Russia's upper house of parliament, the Federation Council, has voted unanimously to give President Vladimir Putin the right to use Russian armed forces in Syria.
The Federation Council discussed Putin's request for the approval of Russia’s military presence behind the closed doors on Wednesday.
In televised remarks after the vote, Sergei Ivanov, the head of Kremlin administration, said that the move did not mean that Russian ground forces would be engaged in the conflict, adding that it only concerned the use of the air force.
He also said that Russia’s military presence in Syria comes upon a request by Syrian President Bashar al-Assad who "has appealed to the leadership of our country with a request for military aid."
The Kremlin said on Wednesday that Putin had sent a request to Russia's upper chamber of parliament to ask lawmakers to authorize using the Russian army abroad.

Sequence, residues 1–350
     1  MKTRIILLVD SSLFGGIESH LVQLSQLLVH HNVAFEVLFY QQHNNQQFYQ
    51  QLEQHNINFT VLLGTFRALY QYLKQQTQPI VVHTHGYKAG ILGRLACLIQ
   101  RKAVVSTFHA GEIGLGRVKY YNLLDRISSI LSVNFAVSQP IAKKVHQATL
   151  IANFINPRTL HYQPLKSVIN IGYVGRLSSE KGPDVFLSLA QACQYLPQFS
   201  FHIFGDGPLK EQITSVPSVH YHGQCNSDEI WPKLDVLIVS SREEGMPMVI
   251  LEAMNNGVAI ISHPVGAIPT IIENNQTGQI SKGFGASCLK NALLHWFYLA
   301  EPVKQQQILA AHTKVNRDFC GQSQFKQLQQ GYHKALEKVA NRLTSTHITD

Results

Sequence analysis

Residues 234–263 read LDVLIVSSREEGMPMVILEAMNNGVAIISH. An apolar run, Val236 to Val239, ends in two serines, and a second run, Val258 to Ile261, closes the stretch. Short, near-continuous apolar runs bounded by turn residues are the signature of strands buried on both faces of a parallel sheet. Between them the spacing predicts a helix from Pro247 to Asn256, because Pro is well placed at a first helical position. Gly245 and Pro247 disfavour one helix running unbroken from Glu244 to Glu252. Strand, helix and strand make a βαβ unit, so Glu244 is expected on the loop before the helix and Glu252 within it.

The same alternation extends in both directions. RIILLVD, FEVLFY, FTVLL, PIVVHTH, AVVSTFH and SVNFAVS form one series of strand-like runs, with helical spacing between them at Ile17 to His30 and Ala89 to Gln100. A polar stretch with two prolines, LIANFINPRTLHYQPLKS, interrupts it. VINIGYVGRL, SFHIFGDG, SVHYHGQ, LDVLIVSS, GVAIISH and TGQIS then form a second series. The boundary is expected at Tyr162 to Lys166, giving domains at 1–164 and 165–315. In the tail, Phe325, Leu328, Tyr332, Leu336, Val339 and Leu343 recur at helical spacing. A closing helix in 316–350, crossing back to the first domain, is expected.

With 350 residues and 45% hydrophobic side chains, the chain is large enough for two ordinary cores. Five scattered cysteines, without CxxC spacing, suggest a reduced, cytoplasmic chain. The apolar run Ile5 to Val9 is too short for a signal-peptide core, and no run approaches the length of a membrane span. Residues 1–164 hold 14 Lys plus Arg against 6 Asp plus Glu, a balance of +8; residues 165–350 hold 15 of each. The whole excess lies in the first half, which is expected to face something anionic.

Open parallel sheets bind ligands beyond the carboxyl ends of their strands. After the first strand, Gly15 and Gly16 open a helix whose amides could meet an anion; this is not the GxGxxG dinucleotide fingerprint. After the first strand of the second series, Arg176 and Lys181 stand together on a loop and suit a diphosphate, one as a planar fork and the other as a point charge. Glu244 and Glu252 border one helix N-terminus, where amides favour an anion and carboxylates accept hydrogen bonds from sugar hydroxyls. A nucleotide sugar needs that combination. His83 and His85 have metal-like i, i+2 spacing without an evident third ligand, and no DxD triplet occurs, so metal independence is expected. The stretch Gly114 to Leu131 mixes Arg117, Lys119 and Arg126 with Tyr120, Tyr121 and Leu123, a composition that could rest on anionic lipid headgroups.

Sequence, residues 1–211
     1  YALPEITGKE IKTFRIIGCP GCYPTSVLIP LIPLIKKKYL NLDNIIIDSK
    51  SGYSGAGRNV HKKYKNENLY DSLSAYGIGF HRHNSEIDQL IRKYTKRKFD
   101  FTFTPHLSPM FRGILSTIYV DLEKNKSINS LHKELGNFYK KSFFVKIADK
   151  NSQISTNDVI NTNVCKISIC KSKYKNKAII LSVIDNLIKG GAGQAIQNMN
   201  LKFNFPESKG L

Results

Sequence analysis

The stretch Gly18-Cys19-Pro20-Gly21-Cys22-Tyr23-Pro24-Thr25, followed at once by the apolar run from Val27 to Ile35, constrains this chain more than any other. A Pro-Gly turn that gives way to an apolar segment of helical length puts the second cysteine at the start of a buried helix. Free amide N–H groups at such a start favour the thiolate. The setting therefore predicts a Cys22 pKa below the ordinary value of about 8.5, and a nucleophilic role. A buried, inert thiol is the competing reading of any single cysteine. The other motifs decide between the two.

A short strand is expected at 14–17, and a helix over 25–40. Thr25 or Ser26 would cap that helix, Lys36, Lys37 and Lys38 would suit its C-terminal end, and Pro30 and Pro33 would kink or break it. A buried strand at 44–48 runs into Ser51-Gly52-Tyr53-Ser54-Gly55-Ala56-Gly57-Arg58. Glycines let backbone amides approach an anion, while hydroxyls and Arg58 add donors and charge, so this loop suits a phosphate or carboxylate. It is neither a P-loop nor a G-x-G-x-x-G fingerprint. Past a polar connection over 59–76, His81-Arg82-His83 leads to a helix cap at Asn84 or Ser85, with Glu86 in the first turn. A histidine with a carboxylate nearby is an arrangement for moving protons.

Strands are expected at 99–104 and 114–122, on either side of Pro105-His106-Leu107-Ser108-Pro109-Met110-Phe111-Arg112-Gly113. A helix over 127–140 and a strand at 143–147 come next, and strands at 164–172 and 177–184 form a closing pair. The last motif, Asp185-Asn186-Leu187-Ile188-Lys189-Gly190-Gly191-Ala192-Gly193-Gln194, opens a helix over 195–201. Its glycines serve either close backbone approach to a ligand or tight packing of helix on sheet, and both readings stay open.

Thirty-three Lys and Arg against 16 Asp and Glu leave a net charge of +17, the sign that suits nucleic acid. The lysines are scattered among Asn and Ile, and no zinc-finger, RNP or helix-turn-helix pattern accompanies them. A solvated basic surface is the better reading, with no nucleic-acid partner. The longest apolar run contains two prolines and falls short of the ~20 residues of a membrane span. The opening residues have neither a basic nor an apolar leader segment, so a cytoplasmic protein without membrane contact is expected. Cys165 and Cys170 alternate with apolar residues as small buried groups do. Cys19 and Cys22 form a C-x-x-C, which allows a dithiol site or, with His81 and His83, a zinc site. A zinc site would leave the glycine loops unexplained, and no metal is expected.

According to Russian constitution, the president has to request a parliamentary approval for any use of Russian troops abroad.
This comes as Putin reportedly hosted a meeting of the Russian security council at his residence outside of Moscow on Tuesday night to discuss terrorism and extremism.
The US and its allies have been accusing Russia of a covert military buildup in Syria. Moscow has denied the allegation, saying it will only send troops to Syria if Damascus makes such a request.
The foreign-sponsored conflict in Syria, which flared up in March 2011, has reportedly claimed about 250,000 lives up until now, according to reports.
The United Nations says the militancy, which has escalated due to operations by Takfiri terrorist groups such as Daesh, has also displaced more than 7.2 million Syrians internally, and compelled over four million others to take refuge in neighboring countries, including Jordan and Lebanon.